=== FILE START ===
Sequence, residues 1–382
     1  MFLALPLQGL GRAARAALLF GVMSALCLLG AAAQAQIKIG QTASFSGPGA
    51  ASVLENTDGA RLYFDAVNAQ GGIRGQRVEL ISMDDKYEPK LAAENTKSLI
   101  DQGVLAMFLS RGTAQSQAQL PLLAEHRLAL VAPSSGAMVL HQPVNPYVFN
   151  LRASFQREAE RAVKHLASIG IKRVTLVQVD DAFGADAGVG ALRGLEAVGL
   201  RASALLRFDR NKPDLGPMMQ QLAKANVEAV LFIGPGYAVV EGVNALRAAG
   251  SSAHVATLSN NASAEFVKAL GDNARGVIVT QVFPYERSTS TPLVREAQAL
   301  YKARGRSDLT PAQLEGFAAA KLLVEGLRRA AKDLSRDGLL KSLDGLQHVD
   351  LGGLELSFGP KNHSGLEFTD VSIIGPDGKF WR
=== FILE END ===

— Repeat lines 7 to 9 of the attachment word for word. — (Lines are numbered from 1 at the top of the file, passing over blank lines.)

   251  SSAHVATLSN NASAEFVKAL GDNARGVIVT QVFPYERSTS TPLVREAQAL
   301  YKARGRSDLT PAQLEGFAAA KLLVEGLRRA AKDLSRDGLL KSLDGLQHVD
   351  LGGLELSFGP KNHSGLEFTD VSIIGPDGKF WR